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CORE’s Flood Mitigation in Pakistan: Community-led Innovation to Combat Climate Change

Picture of Mathew Chandy

Mathew Chandy

VP Programs – CORE (Community Organized Relief Effort)

These days, it’s not hard to see a news headline of a new climate disaster unfolding somewhere across the globe. From devastating fires in the middle of winter in Texas fueled by years-long drought to a catastrophic cyclone in southeast Africa, these events have sadly become the new normal.   


In September 2022, Pakistan experienced unprecedented, devastating floods that caused widespread damage across the country’s southern regions. Heavy monsoon rains inundated rivers and overwhelmed existing local infrastructure, leading to extensive flooding in rural, low-lying villages, impacting roughly 33 million people and killing at least 1,700.


Despite limited coverage of the crisis at the time, and absence of coverage in today’s headlines, the effects of the flooding are still felt today.  

An overview drone photo of Dodha, a village in southern Pakistan that CORE's helped in the aftermath of devastating floods.

On overview of Dodha where CORE has helped rebuild homes and safeguard the community. But, even two years on from the devastating floods, the threat of future catastrophe remains (CORE Photo by Liam Storrings)

Immediate Impact of Flooding

These floods underscored Pakistan’s vulnerability to natural catastrophes, highlighting the need for improved preparedness, including early warning systems and resilient infrastructure.


After CORE (Community Organized Relief Effort) completed its initial disaster response in which we supported 80,000 people with urgent support, including food, hygiene kits, medical support, and temporary shelters, we embarked on a mission to develop flood mitigation measures to protect villages from future floods.    


The process involved working directly with two communities that had been submerged in 2022, Dodha and Hashim Chouhan Naushahro Feroze, in Sindh Province. Emblematic of most in the region, these two villages are in low-lying, flat areas, meaning that when they flood, which they’re at constant risk for, the water has nowhere to go.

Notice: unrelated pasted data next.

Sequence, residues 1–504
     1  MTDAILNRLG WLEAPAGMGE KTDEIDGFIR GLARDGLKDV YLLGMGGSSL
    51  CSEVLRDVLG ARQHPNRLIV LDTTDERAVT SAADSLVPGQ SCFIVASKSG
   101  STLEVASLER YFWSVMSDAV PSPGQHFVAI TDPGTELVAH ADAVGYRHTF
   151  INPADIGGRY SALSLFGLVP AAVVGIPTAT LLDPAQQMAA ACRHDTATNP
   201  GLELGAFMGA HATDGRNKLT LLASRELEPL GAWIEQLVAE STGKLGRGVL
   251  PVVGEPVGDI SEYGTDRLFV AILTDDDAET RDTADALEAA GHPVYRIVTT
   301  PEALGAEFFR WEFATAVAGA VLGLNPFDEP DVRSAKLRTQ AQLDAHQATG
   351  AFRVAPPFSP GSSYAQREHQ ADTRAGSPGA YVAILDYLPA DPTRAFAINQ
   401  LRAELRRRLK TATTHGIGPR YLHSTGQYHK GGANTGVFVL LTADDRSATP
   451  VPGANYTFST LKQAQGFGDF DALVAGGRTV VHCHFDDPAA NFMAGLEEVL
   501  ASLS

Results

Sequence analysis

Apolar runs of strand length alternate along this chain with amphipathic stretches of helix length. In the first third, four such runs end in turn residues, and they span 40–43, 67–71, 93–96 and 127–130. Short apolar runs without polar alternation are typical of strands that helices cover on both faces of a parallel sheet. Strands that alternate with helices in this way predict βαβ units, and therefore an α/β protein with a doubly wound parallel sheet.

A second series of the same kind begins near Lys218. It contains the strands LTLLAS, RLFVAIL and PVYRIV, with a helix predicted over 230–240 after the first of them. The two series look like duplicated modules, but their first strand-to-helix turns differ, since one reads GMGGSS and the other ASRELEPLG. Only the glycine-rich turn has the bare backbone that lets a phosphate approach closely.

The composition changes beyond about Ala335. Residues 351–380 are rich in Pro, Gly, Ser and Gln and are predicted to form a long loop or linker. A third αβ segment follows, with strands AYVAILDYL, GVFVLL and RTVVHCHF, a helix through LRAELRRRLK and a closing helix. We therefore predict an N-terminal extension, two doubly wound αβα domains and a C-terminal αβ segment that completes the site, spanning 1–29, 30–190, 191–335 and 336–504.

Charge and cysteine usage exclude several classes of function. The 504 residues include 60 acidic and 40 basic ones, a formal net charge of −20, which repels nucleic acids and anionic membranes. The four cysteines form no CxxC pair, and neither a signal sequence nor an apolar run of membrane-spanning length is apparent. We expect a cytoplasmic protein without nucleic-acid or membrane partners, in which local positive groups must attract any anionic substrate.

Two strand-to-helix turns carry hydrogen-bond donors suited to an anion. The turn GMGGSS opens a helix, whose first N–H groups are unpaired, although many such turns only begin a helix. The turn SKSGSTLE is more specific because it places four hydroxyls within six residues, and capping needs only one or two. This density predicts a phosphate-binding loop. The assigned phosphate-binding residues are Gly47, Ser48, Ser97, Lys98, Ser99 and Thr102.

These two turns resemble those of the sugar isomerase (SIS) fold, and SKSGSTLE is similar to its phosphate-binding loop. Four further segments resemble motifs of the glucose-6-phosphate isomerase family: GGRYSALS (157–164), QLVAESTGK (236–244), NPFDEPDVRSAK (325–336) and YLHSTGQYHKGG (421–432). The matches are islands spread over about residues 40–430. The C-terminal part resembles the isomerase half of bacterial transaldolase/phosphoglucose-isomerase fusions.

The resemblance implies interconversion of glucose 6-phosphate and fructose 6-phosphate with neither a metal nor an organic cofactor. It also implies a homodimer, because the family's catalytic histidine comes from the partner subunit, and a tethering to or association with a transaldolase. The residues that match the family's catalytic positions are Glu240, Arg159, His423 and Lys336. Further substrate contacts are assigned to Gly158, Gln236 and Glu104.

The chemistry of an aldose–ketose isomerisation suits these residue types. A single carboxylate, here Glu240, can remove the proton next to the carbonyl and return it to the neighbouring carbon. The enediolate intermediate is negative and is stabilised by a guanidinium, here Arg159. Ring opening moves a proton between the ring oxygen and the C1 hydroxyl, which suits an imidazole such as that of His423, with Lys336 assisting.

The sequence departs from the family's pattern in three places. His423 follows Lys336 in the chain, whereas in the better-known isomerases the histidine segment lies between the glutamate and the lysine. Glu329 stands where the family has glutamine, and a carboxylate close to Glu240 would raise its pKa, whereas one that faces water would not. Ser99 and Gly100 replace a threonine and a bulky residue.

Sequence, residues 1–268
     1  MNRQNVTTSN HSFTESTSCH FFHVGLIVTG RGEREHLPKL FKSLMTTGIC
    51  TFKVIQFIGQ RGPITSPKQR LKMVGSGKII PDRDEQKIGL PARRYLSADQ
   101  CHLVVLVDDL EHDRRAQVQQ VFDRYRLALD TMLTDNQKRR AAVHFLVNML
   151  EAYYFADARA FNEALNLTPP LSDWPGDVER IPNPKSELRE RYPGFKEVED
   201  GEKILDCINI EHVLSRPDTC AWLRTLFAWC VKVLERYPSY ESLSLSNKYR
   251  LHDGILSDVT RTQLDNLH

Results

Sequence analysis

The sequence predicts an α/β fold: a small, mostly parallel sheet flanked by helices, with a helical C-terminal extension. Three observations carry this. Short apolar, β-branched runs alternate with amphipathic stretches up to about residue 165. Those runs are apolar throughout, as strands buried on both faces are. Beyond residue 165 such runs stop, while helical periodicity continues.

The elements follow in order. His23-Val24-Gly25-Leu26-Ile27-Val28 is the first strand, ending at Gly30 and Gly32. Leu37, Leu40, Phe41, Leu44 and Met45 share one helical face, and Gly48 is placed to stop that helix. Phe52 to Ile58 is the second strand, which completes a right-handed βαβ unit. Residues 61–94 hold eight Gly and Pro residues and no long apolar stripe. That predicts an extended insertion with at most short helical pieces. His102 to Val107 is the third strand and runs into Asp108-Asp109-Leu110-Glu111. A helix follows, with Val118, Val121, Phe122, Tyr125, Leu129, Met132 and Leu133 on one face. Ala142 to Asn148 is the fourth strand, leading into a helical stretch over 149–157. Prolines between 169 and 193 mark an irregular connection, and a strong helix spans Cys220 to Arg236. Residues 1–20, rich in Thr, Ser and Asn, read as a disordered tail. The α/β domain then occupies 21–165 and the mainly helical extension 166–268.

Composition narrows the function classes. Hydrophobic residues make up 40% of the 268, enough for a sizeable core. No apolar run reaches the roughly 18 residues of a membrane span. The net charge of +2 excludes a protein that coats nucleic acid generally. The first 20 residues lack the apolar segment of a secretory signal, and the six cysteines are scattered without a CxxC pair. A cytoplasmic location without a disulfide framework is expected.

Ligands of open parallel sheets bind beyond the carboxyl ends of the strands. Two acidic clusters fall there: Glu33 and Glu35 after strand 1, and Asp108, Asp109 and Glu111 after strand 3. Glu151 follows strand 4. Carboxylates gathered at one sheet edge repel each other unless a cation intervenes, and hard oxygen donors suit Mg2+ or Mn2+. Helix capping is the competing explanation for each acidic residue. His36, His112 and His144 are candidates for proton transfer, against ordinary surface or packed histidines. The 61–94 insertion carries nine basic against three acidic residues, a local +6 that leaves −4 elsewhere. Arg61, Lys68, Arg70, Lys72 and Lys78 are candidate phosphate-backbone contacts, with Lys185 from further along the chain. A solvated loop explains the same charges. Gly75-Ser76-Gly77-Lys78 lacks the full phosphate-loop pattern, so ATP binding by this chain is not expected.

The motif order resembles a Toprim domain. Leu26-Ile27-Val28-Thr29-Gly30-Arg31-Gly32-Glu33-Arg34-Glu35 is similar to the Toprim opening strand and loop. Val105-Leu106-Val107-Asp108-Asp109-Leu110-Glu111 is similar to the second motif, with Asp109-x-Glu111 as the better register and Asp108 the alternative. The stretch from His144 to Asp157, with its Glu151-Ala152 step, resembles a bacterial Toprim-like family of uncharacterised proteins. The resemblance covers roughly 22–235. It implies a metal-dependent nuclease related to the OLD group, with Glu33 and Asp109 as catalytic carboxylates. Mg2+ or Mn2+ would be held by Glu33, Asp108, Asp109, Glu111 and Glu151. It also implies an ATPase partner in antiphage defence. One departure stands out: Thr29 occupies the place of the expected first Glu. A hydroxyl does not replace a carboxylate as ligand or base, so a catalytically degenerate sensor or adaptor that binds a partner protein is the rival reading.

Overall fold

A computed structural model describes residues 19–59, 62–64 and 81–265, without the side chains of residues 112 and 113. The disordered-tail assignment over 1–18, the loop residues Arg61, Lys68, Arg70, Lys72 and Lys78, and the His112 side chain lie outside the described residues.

So, when the rain came, people like the Azeem family in Dodha, lost everything. Flood waters destroyed homes, contaminated wells, and ruined the fields that many community members relied on for work.


Now, with little income from work, many only had a few pieces of flatbread each day to survive.  

The Azeem family sitting outside of their new home, after the devastating flooding in 2022.

 The Azeem family outside of their newly reconstructed home in Dodha. (CORE Photo by Liam Storrings)

Worse still, the standing water introduced mosquito-borne illnesses like malaria and led to the deaths of animals these villages heavily relied on for additional income. So, when CORE distributed mosquito nets, residents often sought to protect their livestock before themselves.   


In the aftermath, families tried moving forward by rebuilding their homes out of the only readily available material, mud, even though they knew it wouldn’t withstand future flooding. Knowing this wouldn’t last, CORE and the local nonprofit Riverside Development Organization (RDO) came forward to help rebuild. 


Together, we repaired 28 houses and built 23 sturdy stone homes for 51 families, including the Azeem family (pictured above), giving each of them a safe, stable place to begin their lives again.  

Men standing on a bund wall that will protect the village from future flooding.

The new bund wall in Dodha will protect residents from future flooding. (CORE Photo by Liam Storrings)

Long-Term Innovations in Flooding Mitigation

However, through these efforts, it became painstakingly clear that for affected communities to recover fully, they needed to mitigate the adverse impacts of further flooding.